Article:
Subsystem: D-Galacturonate and D-Glucuronate Utilization

This subsystem's description is:

The glucuronides are then mostly excreted out of the body via the bile ducts into the intestine, through apocrine secretions, and through the bladder into the urinary tract. The conjugated compounds are typically much more water soluble than the respective aglycones and are often biochemically and biologically inactive. The glucuronidation and excretion of such compounds have thus often been described as detoxification.
In the intestine and on the skin, large populations of commensal and symbiotic microorganisms have access to the diverse glucuronides, and some have evolved the ability to metabolize these compounds. The enterobacterium Escherichia coli colonizes all known vertebrates. Most E. coli strains living in natural environments possess β-d-glucuronidase (EC and are able to acquire glucuronides as nutrients. β-d-Glucuronidase is an intracellular hydrolase that catalyzes the hydrolysis of β-d-glucuronides within the cytoplasm of E. coli. The glycone released can then be used as a carbon source. Almost any aglycone conjugated in a hemiacetal linkage to the C-1 hydroxyl of glucuronate in the β-configuration can be cleaved by β-d-glucuronidase, except for some thio-β-d-glucuronides.
Some strains of B. subtilis can use glucuronate and galacturonate as primary carbon sources. Polymethylgalacturonate, or pectin, is a constituent of plant cell walls and thus is found in the soil. Extracellular pectate lyases, produced by Erwinia chrysanthemi and many other bacteria, including B. subtilis, convert pectin into oligogalacturonate. Oligogalacturonate can be metabolized into D-galacturonate by enzymes produced by Erwinia sp. In addition, free galacturonate and glucuronate enter Escherichia coli and Erwinia sp. via the exuT transport system.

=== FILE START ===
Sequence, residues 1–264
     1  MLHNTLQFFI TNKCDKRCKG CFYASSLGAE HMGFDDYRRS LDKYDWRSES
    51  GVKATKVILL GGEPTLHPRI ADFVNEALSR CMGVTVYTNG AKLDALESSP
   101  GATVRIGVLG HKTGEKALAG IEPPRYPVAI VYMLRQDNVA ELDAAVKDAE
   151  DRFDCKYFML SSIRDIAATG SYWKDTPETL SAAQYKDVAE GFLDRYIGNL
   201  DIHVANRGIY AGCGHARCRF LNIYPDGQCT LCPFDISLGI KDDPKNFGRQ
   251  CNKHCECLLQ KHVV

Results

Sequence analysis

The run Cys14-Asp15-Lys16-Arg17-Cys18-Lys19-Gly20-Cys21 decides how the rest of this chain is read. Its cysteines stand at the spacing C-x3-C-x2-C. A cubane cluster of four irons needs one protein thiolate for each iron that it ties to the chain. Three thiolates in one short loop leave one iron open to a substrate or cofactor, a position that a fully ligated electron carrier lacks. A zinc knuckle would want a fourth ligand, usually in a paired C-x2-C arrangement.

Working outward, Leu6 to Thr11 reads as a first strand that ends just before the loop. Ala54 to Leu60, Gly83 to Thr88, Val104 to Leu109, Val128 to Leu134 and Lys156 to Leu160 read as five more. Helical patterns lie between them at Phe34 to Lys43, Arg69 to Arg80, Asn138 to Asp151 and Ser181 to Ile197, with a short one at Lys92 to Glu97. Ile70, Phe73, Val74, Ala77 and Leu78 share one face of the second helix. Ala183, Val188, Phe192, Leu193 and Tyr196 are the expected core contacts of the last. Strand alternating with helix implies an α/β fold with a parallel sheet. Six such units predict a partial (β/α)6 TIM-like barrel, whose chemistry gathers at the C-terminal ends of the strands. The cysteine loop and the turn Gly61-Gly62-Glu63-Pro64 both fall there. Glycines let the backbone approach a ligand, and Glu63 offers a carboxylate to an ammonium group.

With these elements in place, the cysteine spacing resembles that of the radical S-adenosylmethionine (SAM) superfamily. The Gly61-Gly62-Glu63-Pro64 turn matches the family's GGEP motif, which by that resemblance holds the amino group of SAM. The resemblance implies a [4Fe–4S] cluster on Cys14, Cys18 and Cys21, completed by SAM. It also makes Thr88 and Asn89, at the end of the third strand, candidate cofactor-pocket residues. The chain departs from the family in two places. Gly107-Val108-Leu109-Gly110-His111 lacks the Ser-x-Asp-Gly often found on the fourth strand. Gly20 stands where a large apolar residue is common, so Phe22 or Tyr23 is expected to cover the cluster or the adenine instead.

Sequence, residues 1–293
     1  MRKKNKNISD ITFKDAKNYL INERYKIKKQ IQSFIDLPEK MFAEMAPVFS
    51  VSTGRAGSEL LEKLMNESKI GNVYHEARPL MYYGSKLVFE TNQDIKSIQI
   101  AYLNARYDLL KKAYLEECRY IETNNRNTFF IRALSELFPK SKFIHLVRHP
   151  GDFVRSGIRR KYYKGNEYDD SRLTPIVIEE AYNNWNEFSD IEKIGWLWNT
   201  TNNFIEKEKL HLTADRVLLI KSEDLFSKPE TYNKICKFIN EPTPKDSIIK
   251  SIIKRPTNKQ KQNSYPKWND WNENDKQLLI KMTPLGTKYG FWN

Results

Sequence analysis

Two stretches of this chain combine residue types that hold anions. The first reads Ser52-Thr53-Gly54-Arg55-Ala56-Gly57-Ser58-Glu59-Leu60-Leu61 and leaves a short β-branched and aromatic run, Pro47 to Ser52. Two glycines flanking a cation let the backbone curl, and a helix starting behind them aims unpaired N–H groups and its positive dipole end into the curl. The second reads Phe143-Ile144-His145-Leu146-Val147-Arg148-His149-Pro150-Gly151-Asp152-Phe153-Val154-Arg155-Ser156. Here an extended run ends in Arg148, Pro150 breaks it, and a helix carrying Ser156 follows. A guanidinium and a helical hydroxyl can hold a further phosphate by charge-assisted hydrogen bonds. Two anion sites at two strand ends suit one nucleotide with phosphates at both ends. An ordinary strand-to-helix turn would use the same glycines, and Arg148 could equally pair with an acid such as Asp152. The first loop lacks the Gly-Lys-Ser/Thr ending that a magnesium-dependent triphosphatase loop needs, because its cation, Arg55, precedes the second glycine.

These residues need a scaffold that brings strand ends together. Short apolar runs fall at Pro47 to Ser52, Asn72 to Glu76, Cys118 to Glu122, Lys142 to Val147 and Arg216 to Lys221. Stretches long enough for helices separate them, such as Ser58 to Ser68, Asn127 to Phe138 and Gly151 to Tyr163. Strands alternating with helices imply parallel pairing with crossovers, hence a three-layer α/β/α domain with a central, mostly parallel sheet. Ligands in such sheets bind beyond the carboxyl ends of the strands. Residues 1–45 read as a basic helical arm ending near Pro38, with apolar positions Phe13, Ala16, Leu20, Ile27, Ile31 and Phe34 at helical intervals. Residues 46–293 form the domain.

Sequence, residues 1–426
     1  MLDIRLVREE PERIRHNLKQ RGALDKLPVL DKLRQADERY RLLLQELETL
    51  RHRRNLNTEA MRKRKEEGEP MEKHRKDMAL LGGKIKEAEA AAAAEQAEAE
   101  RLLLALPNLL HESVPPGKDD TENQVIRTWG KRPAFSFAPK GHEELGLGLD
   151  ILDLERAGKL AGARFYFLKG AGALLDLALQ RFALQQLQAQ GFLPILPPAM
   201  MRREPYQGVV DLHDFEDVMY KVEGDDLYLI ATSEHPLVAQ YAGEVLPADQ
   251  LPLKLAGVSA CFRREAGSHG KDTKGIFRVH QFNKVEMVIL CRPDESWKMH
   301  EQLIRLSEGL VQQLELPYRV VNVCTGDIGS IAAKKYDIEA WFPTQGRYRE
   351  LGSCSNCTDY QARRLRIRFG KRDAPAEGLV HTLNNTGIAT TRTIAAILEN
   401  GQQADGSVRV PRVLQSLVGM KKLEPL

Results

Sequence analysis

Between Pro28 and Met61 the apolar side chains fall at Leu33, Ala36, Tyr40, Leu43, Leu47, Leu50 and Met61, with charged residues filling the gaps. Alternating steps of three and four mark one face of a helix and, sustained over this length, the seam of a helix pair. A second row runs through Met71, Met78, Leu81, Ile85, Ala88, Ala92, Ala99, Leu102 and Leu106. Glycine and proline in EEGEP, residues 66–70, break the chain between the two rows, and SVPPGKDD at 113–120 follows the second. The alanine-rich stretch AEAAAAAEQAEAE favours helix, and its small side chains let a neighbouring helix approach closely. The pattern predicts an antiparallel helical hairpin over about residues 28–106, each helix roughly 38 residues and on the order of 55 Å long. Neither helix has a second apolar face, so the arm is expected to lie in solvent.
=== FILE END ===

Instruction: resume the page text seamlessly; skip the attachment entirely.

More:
The uxuA, uxuB, uxaA, uxaB, and uxaC genes of E. coli and E. chrysanthemi encode enzymes that degrade intracellular galacturonate and glucuronate into 2-keto 3-deoxygluconate (KDG), which is further metabolized to pyruvate and 3-phosphoglyceraldehyde. The expression of these genes, including exuT, is negatively regulated by the exuR gene product in these organisms.

For more information, please check out the description and the additional notes tabs, below

Literature ReferencesD-galacturonic acid catabolism in microorganisms and its biotechnological relevance. Richard P Applied microbiology and biotechnology 2009 Mar19159926
A 35.7 kb DNA fragment from the Bacillus subtilis chromosome containing a putative 12.3 kb operon involved in hexuronate catabolism and a perfectly symmetrical hypothetical catabolite-responsive element. Rivolta C Microbiology (Reading, England) 1998 Apr9579062
The regulatory region of the uxuAB operon in Escherichia coli K12. Blanco C Molecular & general genetics : MGG 1986 Jan3083215
At the periphery of the amidohydrolase superfamily: Bh0493 from Bacillus halodurans catalyzes the isomerization of D-galacturonate to D-tagaturonate. Nguyen TT Biochemistry 2008 Jan 2918171028
Regulation of hexuronate system genes in Escherichia coli K-12: multiple regulation of the uxu operon by exuR and uxuR gene products. Robert-Baudouy J Journal of bacteriology 1981 Jan7007313
The glucuronic acid utilization gene cluster from Bacillus stearothermophilus T-6. Shulami S Journal of bacteriology 1999 Jun10368143
Regulation of Escherichia coli K-12 hexuronate system genes: exu regulon. Portalier R Journal of bacteriology 1980 Sep6997263
Regulation of hexuronate utilization in Bacillus subtilis. Mekjian KR Journal of bacteriology 1999 Jan9882655
DiagramFunctional RolesSubsystem SpreadsheetDescriptionAdditional NotesScenarios 
Group Alias
Abbrev.Functional RoleReactionsScenario ReactionsGOLiterature

display  items per page
«first  «prevdisplaying 1 - 777 of 777next»  last»
Taxonomy Pattern